Our latest take home grocery figures for Ireland show that sales fell by 7.2% over the 12 weeks to 17 April 2022. Against a complex backdrop of global supply chain issues, grocery price inflation has hit 4.7% this period, its highest level since September 2013.
The impact of grocery inflation is being felt widely across store shelves and consumers will be noticing the effects on their budgets. Foods like cooked poultry, bread, pasta, and butter have seen some of the biggest jumps. The average household is facing a €330 price increase on their annual grocery bill, and 23% of households say they are now struggling to make ends meet when it comes to their weekly food shop according to our most recent Link Q Service. Retailers are responding to the rising price of goods, focusing their efforts on offering everyday low prices for shoppers.
Basket sizes fall due to more meals out of homeFor the first time since the pandemic began sales are in decline by 5.2% compared with two years ago, as the period now includes the start of the first lockdown when only essential shops were allowed to open. The pandemic might no longer be the first thing on shoppers’ minds, but we’re still seeing its effects on the grocery market as life gets back to normal. The number of supermarket trips made each month has continued to fall, with shoppers making 3.5 fewer visits on average than this time last year when COVID-19 restrictions were much tighter. The average spend per buyer has also fallen significantly by €144 as consumers eat more meals out of the home. On top of that, the types of items we’re buying have changed too. Sales of instant hot snacks and frozen pizzas are growing by 9% and 4.3% respectively over the last four weeks as shoppers turn to quick and easy meals now that many of us are back in the office and juggling school runs again.
Regardless of rising prices, consumers were keen to make the most of the Easter weekend – the first without social restrictions for two years. The retailers had some fantastic ranges on offer ahead of the long weekend and Irish consumers were eager to celebrate, spending €10.8 million more on Easter eggs and seasonal chocolate over the latest four-week period compared to the same time last year. The traditional hot cross bun is still a firm favourite, with shoppers spending an extra €620,000 this year.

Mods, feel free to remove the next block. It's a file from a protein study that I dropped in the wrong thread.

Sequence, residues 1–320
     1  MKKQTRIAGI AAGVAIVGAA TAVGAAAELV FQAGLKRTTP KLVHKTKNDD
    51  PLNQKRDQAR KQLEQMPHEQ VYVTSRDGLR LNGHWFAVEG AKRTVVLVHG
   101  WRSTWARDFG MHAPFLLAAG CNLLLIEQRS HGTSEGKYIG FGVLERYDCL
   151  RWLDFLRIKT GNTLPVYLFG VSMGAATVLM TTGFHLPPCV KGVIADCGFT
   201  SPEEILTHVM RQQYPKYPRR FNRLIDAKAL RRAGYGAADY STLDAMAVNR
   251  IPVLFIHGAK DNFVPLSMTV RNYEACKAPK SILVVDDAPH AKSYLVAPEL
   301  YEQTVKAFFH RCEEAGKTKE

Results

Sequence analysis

Online market provides convenience for busier shoppers
The online market has continued to grow over the latest four-week period, with sales boosted by 3.9% as shoppers spent an additional €2 million. The channel’s market share is now 3.3 percentage points higher than the same 52-week period in 2019. Many people became more reliant on online shopping over the course of the pandemic, and this has fitted in quite naturally with our busier schedules post-COVID-19. In the context of rising prices, it also allows consumers to be more considerate as they add items to their basket. While people are buying less in stores, the average number of items being purchased online is actually on the rise, growing by 3.2% year on year.
All the major retailers saw take-home grocery sales fall in the twelve weeks to 17 April 2022. Dunnes has retained its position as Ireland’s largest grocer, holding a 22.4% market share in the latest 12 weeks. The retailer was bolstered by the largest influx of new shoppers this period, who contributed an additional €56.8 million to its overall performance. SuperValu holds a 21.8% share of the market. Tesco follows closely behind at 21.7%, meaning that there is now just 0.1 percentage point between the retailers. Lidl and Aldi account for 13.0% and 12.1% of the market respectively.